“I think in any individual instance you are going to see people doing things that are irresponsible,” he said, emphasizing, “we’ve got to get this economy open and our people out and about, working and going to school again.”
Trump made only brief remarks Sunday as he returned to the White House from Camp David. In an exchange with reporters, he maintained that “tremendous progress is being made on many fronts, including coming up with a cure for this horrible plague that has beset our country.”
But statistics from some states paint a less-than-rosy picture.
Texas reported its largest single-day jump in coronavirus cases Saturday, with 1,801 newly confirmed cases. According to the Texas Department of State Health Services, 734 of the new cases were reported in the Amarillo area, where there has been an outbreak tied to the region’s meatpacking facilities.
Texas Gov. Greg Abbott (R) has already allowed some businesses — including hair salons, restaurants and retail stores — to reopen at reduced capacity, and beginning on Monday, gyms, offices and nonessential manufacturing facilities will be allowed to do so as well, according to the Dallas Morning News.
New York, the state hardest hit by the pandemic, has seen a decline in new cases since April, but officials remain wary of a potential increase as parts of the state begin to reopen. Gov. Andrew M. Cuomo (D) on Sunday received a covid-19 swab test on live TV in an effort to convince residents to get tested if they are experiencing symptoms.
“It is so fast and so easy that even a governor can take this test,” Cuomo said shortly before a doctor swabbed his nose during his daily briefing in Albany.
After photos and videos emerged over the weekend of people in New York City crowding the sidewalks outside restaurants and bars, many carrying open containers and not wearing masks, Mayor Bill de Blasio (D) scolded those disregarding quarantine measures.
“We’re feeling the pull of the outdoors, we’re feeling the seasons changing, we all want to be out there,” de Blasio said, noting that the sunny weather has only exacerbated pent-up New Yorkers’ “quarantine fatigue” after two months in isolation. “But we all understand we’re in the middle of a pandemic, and we have to do things differently.”
In California, Gov. Gavin Newsom said he is moving forward based on the best guidance to control the spread of the virus: social distancing. He also said reopening schools will be predicated on data and science, not just observations on the ground.
“I think some schools will not be [open this fall] and many schools will be,” Newsom (D) told Jake Tapper on CNN’s “State of the Union.”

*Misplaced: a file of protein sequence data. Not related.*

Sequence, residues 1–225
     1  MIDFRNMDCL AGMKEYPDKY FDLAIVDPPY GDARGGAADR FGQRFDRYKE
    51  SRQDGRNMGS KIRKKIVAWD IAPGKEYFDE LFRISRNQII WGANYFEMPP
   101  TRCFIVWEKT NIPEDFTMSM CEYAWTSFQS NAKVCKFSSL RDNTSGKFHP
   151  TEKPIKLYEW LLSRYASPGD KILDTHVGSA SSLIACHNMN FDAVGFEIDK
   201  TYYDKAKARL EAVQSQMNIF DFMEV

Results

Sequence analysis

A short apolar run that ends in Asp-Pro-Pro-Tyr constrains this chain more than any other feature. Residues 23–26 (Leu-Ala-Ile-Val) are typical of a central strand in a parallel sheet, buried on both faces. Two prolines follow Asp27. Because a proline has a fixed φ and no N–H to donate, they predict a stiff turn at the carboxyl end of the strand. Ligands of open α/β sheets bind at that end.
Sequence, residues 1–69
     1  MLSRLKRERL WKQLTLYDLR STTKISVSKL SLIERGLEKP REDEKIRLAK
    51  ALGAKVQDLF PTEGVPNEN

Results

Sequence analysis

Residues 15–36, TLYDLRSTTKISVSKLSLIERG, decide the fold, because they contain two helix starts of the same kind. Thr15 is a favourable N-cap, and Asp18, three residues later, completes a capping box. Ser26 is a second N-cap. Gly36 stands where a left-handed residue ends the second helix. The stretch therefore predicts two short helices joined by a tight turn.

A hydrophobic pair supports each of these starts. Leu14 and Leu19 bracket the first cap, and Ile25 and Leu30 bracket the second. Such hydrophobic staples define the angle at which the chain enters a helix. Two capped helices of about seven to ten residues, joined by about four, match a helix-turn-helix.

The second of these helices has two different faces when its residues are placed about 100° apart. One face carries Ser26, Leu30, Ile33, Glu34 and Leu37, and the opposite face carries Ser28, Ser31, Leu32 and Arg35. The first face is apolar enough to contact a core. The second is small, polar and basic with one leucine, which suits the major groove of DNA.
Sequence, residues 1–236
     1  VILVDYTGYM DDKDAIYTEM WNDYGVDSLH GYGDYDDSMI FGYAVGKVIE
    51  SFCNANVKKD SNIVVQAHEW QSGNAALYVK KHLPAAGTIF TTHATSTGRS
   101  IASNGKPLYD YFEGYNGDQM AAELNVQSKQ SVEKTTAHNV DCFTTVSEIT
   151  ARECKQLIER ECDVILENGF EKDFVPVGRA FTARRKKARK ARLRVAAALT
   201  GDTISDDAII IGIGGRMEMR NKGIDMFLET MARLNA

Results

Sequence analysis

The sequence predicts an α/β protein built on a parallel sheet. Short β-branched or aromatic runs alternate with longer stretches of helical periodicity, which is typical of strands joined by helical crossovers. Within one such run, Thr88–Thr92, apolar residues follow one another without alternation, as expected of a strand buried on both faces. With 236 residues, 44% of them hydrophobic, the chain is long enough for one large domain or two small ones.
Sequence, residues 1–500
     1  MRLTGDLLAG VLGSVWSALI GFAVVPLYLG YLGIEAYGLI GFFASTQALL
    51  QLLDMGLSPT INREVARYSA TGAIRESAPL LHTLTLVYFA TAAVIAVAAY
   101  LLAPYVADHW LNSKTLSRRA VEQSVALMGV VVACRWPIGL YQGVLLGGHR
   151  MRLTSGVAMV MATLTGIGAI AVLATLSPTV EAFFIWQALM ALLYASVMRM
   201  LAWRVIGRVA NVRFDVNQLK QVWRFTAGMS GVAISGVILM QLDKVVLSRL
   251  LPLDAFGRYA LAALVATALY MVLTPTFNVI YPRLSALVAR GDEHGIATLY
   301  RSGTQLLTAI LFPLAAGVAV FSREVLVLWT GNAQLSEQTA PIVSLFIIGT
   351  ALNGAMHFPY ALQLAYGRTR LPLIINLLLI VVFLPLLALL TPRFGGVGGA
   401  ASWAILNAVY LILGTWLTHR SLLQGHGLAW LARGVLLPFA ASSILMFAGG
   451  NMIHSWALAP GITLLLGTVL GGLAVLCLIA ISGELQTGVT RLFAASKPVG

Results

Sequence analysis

Seventy-five percent of California’s economy is now open, including manufacturing, warehouses and restaurants, Newsom said. Business owners and individuals are encouraged to wear face coverings and maintain physical distance from others. Opening sports arenas, he said, is not an option at this time.
Ohio Gov. Mike DeWine (R) said that reopening his state’s economy was necessary but also noted that the state was still wrestling with the outbreak and the danger remains. “I’ve said to Ohioans that so much is in every individual’s control. I encourage people to wear masks when they go out in public,” he said on CNN.
DeWine said he was concerned when he saw images of a reopened Ohio bar crowded with people. But he added that the people running the bar got the situation under control.
“Ultimately, it’s going to come to Ohioans doing what Ohioans have done the last two months — keep their distance and wear masks,” he said.
DeWine said that 90 percent of the state’s economy is open but that he wasn’t sure about reopening schools. He said they were closed “not because you [are] specifically worried about the kids,” but to keep students from going home and infecting their parents.
“You have 30 kids go into a classroom, one kid is in there, and he’s got no symptoms, but he’s carrying it — now you got maybe 25 kids . . . going back to their families,” DeWine said. “And it just spreads and multiplies. So, that’s the concern.”
In an interview on CBS News’ “Face the Nation,” House Speaker Nancy Pelosi (D-Calif.) warned that “time is of the essence” for Congress and the White House to approve an additional round of coronavirus relief, including funds for additional testing and job protections.
Senate Majority Leader Mitch McConnell (R-Ky.) has sought to expand liability protections for employers that reopen during the pandemic, but Pelosi on Sunday declined to say whether Democrats are open to such a move.
“Time is very important. We have lost time,” Pelosi said, adding: “People are hungry across America. Hunger doesn’t take a pause. People are jobless across America. That doesn’t take a pause.”
Courtesy/Source: Washington Post